Large Format photography in “Treasured Lands”
In the summer of 1993, after moving to the San Francisco Bay area, inspired by the rich local tradition of US Western landscape photography, I began to use the large format camera. The more contemplative approach that this exacting type of photography promotes, and the extremely detailed prints it produces are perfect for making the viewer feel immersed in the land. I had found the perfect tool to share the sense of wonder and passion inspired by the US National Parks. Each image in the “Treasured Lands” exhibit was photographed using the same large format camera.
You need to operate such an instrument in a more deliberate way than a small format camera. Just to be able to see the composition, you need to put the camera on a sturdy tripod and slip under the a dark cloth - because the viewing glass is so dim. As everything is manual, not only focus and exposure, but also film transport, there are countless ways to ruin an image. The cost of each exposure adds to the time commitment it requires, favoring more conscious decision making. You need to make choices before shooting, rather than doing so after the shoot.
The primary reason for putting up with such a demanding camera – so heavy to carry in the wilderness – is the amount of detail recorded, thanks to the sheer dimensions of the sheet of 5×7 transparency film, whose surface area is about 25 times that of a 35mm (“full”) frame. Moreover, besides the focussing knobs, there are six other mechanical controls that affect perspective and sharpness distribution. For instance, by tilting the lens with respect to the film plane, I can get in perfect focus two objects that are at a different distance from the camera, rendering deep space in a uniformly clear way.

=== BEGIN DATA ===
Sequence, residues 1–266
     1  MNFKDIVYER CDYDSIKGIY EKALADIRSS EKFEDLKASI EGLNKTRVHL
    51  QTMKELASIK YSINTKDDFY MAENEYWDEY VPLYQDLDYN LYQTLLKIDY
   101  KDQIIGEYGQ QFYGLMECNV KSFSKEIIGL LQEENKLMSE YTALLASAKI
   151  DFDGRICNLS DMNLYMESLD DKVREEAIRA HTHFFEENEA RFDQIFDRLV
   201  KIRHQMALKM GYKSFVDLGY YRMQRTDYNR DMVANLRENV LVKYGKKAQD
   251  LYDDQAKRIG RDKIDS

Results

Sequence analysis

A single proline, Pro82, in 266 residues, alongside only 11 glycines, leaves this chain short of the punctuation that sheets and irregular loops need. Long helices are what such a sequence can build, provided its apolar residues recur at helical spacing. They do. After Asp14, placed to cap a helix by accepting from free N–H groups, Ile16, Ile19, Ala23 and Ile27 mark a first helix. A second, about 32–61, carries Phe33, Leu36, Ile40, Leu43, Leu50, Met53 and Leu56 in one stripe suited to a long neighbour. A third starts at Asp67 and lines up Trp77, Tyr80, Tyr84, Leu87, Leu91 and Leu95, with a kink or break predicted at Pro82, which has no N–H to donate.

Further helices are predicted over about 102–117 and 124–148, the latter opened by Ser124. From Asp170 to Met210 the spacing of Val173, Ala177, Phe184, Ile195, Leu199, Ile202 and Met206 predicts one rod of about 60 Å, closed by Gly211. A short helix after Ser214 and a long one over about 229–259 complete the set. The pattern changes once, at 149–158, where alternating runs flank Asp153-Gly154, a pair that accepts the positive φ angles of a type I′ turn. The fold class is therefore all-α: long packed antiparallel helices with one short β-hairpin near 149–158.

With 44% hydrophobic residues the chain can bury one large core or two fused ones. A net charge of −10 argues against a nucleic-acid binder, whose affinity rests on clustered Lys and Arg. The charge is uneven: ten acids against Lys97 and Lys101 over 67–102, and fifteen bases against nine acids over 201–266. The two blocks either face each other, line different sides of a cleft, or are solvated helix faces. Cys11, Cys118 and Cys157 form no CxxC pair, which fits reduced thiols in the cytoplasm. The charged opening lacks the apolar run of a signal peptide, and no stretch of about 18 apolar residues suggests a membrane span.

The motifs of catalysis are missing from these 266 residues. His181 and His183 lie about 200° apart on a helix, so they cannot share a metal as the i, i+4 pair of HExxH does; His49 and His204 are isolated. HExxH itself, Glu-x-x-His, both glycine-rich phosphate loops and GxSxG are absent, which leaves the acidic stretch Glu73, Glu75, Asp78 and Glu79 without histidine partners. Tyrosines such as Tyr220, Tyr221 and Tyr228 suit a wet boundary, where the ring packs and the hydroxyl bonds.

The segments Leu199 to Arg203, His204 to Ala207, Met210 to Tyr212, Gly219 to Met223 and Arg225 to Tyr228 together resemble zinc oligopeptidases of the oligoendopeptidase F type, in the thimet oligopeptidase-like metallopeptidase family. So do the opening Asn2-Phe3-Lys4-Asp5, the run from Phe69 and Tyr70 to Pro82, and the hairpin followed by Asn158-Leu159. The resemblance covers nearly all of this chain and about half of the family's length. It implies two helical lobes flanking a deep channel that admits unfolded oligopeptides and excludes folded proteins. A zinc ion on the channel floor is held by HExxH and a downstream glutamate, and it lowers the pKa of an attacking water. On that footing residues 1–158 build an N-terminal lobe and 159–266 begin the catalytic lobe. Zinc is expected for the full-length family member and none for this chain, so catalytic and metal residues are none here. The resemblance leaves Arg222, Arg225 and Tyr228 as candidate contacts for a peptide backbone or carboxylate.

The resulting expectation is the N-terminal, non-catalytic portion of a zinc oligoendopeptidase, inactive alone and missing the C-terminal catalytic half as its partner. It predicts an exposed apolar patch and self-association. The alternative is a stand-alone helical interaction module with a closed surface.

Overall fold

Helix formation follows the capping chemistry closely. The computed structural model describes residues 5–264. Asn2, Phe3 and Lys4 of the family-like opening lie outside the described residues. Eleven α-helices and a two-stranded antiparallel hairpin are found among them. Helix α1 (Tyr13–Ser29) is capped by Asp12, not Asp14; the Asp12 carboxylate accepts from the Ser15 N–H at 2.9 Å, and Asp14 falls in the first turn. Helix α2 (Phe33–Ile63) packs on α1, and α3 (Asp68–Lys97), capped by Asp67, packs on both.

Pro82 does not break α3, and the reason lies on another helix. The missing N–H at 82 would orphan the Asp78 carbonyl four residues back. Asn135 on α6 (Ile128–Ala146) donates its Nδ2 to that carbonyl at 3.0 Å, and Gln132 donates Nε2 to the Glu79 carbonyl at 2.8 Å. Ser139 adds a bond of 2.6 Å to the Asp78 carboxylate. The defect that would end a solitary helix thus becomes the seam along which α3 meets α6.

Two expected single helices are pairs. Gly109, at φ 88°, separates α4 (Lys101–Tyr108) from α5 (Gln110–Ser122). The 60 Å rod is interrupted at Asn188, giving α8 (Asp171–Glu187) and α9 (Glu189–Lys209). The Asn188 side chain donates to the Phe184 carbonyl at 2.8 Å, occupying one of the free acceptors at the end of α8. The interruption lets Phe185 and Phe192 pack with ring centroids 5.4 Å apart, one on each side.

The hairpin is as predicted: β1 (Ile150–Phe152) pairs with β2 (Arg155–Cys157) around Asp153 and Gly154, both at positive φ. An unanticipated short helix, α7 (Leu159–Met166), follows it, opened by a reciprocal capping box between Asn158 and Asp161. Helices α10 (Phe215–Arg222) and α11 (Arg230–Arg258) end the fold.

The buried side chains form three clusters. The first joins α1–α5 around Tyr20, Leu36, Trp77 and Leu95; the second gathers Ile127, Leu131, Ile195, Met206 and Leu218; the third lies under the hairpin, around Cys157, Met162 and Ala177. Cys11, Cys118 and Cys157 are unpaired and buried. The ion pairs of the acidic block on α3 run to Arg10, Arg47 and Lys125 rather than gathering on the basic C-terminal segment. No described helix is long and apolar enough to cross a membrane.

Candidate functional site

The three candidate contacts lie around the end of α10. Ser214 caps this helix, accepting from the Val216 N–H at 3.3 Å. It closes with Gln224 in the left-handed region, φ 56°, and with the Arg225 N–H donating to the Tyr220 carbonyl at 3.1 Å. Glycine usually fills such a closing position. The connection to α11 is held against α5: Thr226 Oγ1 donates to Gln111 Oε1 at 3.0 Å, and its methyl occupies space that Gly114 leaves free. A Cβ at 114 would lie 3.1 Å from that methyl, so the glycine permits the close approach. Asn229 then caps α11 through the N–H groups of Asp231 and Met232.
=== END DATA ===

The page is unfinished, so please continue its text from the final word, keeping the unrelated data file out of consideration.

When I photograph a wide-angle scene, with an angle of view equivalent to that of a 24mm lens on 35mm camera, I am using a lens of 110mm focal length on my large format camera. A tree in the distant background is rendered as clearly as if I had focussed on it with a telephoto, and framed it tight. I do not need to direct the viewer’s attention to it, but they can discover that tree when they explore the image for themselves.
This descriptive power let me produce images that are complex, taking the whole scene in without a singular point of focus, because they have so much detail that the viewers could take time and read them, look at all the features, and discover highlights and inter-relationships for themselves.
In that sense, those photographs give a sense of place and time by letting the viewers see through the images as much as I saw myself. They allow them to stand before the landscape in a state of heightened awareness similar to mine. Although they would observe these natural wonders through my own celebratory perspective, they would realize that there is nothing they could not experience for themselves. Hopefully, this would help them recognize that those unique areas are truly treasures to be preserved and protected for future generations.